Previously, we showed that myosin VI can be up-regulated by p53 and DNA damage in a p53-dependent manner in several tumor cell lines, including H1299, RKO, and LS174T (18). In these cells, myosin VI acts as a mediator of the p53-dependent cell survival pathway upon DNA damage. To further investigate the function of myosin VI in the DNA damage pathway, myosin VI expression was measured by Western blot analysis in MCF7 and LNCaP cells upon DNA damage. We found that p53 was stabilized and then p21 was induced (Fig. 1, A and B, compare lanes 1, 4, 7, and 10 with lanes 2–3, 5–6, 8–9, and 11–12, respectively; Fig. 1C, compare lane 1 with lanes 2–5). Surprisingly, we found that the level of myosin VI protein was decreased in MCF7 and LNCaP cells upon treatment with doxorubicin and camptothecin in a manner dependent on the time (Fig. 1, A and B, compare lanes 1, 4, 7, and 10 with lanes 2–3, 5–6, 8–9, and 11–12, respectively) and dose (Fig. 1C, compare lane 1 with lanes 2–5). Considering that myosin VI is a protein with a long half-life (more than 12 h), the effect of topoisomerase inhibitors on myosin VI expression is significant. We also found that activation of p53 led to increased expression of p21 and decreased expression of myosin VI in MCF7 cells upon treatment with Nutlin-3, which inhibits the ability of Mdm2 to inactivate p53 but does not directly induce DNA damage (Fig. 1C, compare lane 1 with lanes 6–7). To determine whether the decreased expression of myosin VI protein is due to decreased myosin VI transcription, Northern blot analysis and quantitative RT-PCR were used to measure the levels of myosin VI transcript in MCF7 cells upon treatment with camptothecin and doxorubicin along with RKO cells as a control. Consistent with our previous observation (18), the levels of myosin VI transcript were increased by doxorubicin and camptothecin in RKO cells (Fig. 1D, compare lanes 1 and 3 with 2 and 4, respectively). In contrast, in MCF-7 cells, the level of myosin VI transcripts was markedly decreased upon treatment with camptothecin whereas doxorubicin had no effect (Fig. 1D, compare lanes 5–7). Similarly, qRT-PCR showed that the level of myosin VI transcript was decreased in MCF7 cells treated with capmtothecin but not doxorubicin (Fig. 1E, left panel) whereas the level of p21 transcript was increased in MCF7 cells treated with doxorubicin and camptothecin (Fig. 1E, right panel).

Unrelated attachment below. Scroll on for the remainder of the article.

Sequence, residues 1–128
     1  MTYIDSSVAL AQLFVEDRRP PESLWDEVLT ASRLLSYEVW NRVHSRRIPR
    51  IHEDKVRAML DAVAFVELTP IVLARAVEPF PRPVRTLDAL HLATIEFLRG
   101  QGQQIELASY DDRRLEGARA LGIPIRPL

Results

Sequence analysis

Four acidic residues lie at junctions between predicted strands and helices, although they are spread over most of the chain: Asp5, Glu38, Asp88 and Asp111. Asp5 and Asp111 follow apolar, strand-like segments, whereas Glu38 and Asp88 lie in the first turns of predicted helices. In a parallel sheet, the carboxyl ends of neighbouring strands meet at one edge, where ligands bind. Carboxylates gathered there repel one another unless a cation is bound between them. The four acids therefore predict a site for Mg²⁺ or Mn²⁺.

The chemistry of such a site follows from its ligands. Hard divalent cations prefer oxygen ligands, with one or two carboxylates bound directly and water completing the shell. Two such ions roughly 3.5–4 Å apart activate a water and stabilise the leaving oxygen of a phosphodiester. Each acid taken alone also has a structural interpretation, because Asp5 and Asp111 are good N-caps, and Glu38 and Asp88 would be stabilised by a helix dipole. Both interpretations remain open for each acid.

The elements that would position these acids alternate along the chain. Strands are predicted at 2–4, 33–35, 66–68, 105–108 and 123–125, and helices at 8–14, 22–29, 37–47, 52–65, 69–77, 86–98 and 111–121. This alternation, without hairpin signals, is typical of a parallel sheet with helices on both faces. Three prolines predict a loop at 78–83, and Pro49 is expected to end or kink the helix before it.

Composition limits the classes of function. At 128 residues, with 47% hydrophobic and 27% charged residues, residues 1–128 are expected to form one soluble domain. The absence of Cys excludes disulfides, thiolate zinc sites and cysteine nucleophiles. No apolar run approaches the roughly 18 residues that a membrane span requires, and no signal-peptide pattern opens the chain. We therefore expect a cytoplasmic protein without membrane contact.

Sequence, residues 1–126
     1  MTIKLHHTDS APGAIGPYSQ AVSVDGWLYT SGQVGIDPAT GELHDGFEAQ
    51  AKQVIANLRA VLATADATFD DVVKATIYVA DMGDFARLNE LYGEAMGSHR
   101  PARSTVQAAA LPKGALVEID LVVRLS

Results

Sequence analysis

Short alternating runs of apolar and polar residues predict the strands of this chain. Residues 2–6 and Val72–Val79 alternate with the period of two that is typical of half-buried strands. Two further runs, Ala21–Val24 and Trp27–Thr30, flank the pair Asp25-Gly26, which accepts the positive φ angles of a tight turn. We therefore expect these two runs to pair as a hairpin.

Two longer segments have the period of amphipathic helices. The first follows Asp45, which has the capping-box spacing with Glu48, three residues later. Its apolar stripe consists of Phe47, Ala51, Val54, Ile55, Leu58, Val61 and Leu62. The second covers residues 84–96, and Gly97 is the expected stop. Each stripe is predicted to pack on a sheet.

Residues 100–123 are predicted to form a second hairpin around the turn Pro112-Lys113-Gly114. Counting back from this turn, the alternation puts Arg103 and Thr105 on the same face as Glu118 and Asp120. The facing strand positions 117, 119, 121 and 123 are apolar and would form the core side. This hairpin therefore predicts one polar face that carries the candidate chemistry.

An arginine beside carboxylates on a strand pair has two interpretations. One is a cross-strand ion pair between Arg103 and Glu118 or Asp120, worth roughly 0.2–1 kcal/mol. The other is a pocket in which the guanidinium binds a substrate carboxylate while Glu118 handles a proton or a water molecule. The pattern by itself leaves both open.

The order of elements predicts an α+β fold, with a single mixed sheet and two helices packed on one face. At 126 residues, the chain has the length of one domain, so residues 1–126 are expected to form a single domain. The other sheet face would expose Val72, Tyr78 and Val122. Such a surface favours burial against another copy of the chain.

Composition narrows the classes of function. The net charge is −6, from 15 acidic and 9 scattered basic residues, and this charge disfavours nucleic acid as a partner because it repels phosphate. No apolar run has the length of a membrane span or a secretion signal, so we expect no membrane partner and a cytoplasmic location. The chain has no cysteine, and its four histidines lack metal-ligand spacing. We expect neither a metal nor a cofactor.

To determine whether the repression by DNA damage is mediated by p53, we examined myosin VI expression in MCF7 cells that inducibly express wild-type p53 and a mutated form. We found that the levels of myosin VI protein were decreased in MCF7 cells upon expression of wild-type p53 for 48 h (Fig. 2A, compare lanes 1–2. However, mutant p53 R249S had no effect on myosin VI expression (Fig. 2A, compare lanes 3–4). As a transcription factor, p53 is capable of activating as well as repressing gene expression (24). Thus, we examined whether the decreased expression of myosin VI protein by p53 is due to decreased transcription of myosin VI. To test this, Northern blot analysis was performed. Surprisingly, we found that the levels of myosin VI transcript were slightly increased instead of decreased in MCF7 cells upon induction of wild-type p53 (Fig. 2B, compare lanes 1–2). Mutant p53 had no effect (Fig. 2B, compare lanes 3–4). As a control, p21 was found to be induced by wild-type p53 but not mutant R249S (Fig. 2B, p21 panel, compare lanes 1 and 3 with 2 and 4, respectively). Similar patterns of myosin VI and p21 expression were detected by qRT-PCR in MCF7 cells that were uninduced or induced to express wild-type p53 or p53(R249S) (Fig. 2C).